Fans of popular movies “Star Wars,” “Avatar,” “The Avengers,” and “Frozen” probably aren’t aware that these movies required the use of mathematics to bring them to life. The Division of Mathematics and Computer Science at the University of Guam is inviting the public to take a look behind the movie scenes with visiting mathematician Michael Dorff at its 12th Annual Math Day. 

The free event is open to the public and will begin at 8:30 a.m. on Saturday, Nov. 19 at the School of Business and Public Administration building, Room 129. It kicks off with a Mathematics Quiz Competition among 7th to 12th-grade student teams covering basic Algebra, pre-Calculus, and Calculus.  

Dorff's "Math, Movies, and Bubbles," talk follows at 11:45 a.m.

He's a professor of mathematics at Brigham Young University in Utah, with a doctorate in complex analysis and the former president of the Mathematical Association of America, the world’s largest community of mathematicians, students, and enthusiasts. Dorff works to promote math to the general public, industrial careers in the mathematical sciences, and undergraduate research.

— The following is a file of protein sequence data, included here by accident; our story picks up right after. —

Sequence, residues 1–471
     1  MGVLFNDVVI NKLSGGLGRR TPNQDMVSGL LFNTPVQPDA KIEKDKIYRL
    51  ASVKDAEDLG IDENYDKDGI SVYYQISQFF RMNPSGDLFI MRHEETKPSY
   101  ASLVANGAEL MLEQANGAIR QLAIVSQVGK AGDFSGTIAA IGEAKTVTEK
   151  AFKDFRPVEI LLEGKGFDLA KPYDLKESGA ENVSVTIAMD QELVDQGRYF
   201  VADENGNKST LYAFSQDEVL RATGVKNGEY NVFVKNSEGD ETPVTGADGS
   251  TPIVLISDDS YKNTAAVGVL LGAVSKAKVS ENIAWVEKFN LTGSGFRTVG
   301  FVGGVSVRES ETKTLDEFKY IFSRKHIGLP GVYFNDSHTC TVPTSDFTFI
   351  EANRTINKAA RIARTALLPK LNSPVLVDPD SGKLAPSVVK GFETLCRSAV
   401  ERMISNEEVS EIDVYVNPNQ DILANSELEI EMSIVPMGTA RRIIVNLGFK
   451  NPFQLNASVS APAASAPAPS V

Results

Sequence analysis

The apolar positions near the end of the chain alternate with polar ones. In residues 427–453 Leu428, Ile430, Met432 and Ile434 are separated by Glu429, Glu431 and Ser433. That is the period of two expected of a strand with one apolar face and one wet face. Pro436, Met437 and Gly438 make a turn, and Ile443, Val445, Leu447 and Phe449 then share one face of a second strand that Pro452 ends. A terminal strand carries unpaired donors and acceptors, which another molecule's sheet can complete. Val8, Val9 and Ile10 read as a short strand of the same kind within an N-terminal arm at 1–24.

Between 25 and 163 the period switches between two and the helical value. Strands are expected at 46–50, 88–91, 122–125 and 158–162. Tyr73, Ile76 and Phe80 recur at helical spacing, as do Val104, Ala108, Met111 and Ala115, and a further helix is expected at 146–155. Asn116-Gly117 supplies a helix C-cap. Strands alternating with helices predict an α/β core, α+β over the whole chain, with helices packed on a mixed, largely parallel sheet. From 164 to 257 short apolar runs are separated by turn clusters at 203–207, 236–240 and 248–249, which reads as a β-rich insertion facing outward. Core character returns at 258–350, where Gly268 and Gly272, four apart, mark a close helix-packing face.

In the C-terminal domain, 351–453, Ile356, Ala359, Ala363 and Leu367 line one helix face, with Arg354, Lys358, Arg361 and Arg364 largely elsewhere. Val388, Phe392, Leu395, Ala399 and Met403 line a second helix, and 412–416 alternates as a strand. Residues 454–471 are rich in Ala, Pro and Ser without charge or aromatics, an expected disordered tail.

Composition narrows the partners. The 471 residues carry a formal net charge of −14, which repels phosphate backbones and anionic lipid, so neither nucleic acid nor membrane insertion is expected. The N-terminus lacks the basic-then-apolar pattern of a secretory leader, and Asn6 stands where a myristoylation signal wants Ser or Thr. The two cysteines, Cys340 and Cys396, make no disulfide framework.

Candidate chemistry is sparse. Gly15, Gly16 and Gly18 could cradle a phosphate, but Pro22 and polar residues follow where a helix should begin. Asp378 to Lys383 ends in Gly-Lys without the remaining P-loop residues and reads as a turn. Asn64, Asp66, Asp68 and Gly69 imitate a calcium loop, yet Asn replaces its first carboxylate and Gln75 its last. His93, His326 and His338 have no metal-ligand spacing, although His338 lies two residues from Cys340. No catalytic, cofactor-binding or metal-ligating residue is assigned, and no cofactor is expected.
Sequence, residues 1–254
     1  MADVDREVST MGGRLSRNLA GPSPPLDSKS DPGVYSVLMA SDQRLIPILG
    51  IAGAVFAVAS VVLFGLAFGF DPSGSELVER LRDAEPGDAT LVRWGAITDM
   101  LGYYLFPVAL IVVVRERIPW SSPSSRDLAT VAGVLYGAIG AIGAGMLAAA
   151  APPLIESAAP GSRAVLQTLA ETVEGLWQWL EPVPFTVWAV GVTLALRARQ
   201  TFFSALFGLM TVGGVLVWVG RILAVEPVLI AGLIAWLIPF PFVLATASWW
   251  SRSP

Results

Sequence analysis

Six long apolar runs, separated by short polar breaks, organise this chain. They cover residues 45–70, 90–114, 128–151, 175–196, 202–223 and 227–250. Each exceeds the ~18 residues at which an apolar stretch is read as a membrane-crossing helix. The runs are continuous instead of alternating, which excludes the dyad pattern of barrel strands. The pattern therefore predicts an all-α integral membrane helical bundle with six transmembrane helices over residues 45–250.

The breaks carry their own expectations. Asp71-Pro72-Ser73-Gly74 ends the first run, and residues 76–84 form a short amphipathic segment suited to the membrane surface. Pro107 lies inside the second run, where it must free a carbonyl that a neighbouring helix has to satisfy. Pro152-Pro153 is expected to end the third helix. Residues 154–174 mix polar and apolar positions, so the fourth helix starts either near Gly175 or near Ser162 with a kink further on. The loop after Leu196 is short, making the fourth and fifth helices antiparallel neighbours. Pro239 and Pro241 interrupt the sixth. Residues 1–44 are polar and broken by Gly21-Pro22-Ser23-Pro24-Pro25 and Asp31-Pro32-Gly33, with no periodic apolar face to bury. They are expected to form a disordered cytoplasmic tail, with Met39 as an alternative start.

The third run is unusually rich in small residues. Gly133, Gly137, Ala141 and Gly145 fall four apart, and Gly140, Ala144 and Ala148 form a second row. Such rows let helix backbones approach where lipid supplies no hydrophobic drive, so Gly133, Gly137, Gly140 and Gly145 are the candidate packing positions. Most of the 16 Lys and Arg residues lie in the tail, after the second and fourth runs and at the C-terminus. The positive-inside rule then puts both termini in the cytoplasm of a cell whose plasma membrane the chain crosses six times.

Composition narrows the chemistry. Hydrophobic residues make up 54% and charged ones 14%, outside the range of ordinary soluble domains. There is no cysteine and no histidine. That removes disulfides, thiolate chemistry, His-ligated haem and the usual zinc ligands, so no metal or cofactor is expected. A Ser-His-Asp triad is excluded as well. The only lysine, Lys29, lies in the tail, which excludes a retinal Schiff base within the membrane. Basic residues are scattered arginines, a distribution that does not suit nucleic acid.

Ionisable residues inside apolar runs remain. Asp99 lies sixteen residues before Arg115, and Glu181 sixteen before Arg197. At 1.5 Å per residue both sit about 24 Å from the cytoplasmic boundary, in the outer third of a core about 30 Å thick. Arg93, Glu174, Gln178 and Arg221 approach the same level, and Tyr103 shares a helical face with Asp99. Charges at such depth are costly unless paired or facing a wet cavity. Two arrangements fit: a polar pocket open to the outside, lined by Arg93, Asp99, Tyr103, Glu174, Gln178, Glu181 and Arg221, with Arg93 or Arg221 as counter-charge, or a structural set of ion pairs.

His lecture will give insight into how math was used to create realistic-looking snow in “Frozen” and to make an animated character move faster in “The Incredibles.” 

In the second part of his talk, Dorff will answer the question “What is the shortest path connecting four points?” and provide a hands-on demonstration of how that concept is connected to creating soap bubbles. 

Dorff also is the co-director of the Preparation for Industrial Careers in Mathematical Sciences program through the Mathematical Association of America and is the director of strategy and implementation for Transforming Post-Secondary Education in Mathematics. He founded the Center for Undergraduate Research in Mathematics at Occidental College in Los Angeles, which has been recognized by the American Mathematical Society as a “Program That Makes a Difference.”